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Animal Science Class Meets Wendell

Juniors Avery Bonifati and Haley Pileski pet Wendell, being held by Officer Crista Haywood, as part of their study of the companion animal industry.

Members of Mr. Ben Shumate’s Animal Science 2 class had the opportunity recently to meet Wendell, a five year old English black lab that belongs to and works for the Union County Sheriff’s Department. Officer Crista Haywood brought Wendell to visit and explained to the class, “We are a canine team.” Wendell is one of seven canines used in the Union County Sheriff’s Department.

Deputy Haywood went on to explain, “When we got him, he couldn’t do anything. He was what we call a ‘green dog’.” She told the class how Wendell came to them as a puppy from Maine. He was trained using a ball and a pop box. When Wendell performed well, his reward was to get the ball. After training he had pass certification requiring 15 out of 16 points. “Wendell passed with a 16 every time,” Haywood said. Wendell is certified in two areas: article searches and narcotics - including heroin, ecstasy, crystal meth, cocaine, and marijuana.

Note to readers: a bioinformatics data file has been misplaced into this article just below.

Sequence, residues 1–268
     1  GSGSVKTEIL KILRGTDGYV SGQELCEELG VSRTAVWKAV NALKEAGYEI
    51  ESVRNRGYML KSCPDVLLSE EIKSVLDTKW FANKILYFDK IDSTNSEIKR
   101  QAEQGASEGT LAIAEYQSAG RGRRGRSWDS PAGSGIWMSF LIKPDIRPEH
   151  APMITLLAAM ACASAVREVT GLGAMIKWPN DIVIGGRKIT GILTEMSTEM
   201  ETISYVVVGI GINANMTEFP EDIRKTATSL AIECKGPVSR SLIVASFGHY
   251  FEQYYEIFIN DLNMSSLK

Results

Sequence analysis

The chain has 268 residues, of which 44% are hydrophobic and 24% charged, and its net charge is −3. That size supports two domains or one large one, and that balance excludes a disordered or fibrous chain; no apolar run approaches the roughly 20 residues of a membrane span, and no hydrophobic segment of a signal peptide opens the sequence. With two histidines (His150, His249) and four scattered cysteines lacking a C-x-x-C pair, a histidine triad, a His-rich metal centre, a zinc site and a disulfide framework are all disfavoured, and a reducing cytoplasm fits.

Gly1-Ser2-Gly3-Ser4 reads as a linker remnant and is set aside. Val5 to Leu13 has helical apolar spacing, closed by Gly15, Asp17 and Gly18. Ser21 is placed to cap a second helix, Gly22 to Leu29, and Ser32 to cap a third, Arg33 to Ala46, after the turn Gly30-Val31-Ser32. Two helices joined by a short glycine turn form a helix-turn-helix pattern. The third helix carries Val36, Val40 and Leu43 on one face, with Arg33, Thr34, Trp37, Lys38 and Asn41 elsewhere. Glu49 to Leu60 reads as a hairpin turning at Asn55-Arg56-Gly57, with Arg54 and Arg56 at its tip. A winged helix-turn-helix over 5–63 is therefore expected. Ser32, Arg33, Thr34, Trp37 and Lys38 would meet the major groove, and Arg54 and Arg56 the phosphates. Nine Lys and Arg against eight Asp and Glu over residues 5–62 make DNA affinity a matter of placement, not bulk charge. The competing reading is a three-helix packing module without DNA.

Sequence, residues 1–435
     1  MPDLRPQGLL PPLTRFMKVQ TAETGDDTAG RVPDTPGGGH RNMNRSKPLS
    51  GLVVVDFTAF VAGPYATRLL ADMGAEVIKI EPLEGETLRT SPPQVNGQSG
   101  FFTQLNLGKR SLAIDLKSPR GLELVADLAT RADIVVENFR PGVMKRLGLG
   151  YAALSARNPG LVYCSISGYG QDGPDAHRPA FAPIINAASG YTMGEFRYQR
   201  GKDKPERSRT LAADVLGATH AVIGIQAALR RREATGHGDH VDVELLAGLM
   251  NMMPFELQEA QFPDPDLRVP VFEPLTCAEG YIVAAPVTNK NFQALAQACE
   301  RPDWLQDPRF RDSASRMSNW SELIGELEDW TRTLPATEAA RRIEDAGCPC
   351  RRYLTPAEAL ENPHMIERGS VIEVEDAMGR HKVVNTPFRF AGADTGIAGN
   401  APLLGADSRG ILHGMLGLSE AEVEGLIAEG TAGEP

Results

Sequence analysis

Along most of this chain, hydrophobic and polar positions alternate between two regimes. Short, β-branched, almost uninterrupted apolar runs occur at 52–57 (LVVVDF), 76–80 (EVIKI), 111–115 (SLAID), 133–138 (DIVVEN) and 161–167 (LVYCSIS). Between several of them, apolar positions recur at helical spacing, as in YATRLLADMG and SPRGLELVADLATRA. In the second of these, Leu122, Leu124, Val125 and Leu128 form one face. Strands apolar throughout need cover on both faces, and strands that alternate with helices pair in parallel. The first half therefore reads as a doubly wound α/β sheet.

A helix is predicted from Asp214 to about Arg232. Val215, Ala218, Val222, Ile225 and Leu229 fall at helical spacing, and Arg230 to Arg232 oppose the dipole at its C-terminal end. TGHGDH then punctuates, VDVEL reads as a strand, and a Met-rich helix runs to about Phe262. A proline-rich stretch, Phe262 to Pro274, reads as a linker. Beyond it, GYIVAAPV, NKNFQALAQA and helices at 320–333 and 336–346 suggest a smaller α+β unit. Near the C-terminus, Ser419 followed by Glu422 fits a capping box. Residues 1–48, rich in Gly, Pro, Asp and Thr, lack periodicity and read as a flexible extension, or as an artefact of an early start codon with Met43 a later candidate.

Haywood demonstrated Wendell’s ability to sniff out and locate a set of lost keys as well as a marijuana sample both outside and inside the classroom. When he locates the object, Wendell lies down beside it. CHS Resource Officer Mckensie Lorenz said, “To him, this is just a game. He gets to play!” Haywood told the class that Wendell generally works 7:30 to 4, but is on call 24 hours a day. He can differentiate smells and once found a knife used in a crime. Haywood and Wendell make regular visits to all UCPS schools.

“I was interested to learn that it’s not her dog – it’s the Sheriff’s,” said senior Andrew Sileo. “It was also cool to learn how they train him - they put a ball in a spring mechanism, and when he smells a certain smell, he gets the ball.”

Senior Raquel Petrizzo said, “I found it interesting that the dog generally liked his job. His tail was wagging the whole time – he was having so much fun!”

Shumate arranged the visit as part of a unit on companion animal industry. He said, “Our class has talked about seeing eye dogs, police dogs, and how dogs can be used for therapy purposes for the disabled and the elderly.”

Written by: Paula White
Posted: Oct 02, 2012 by Paula White

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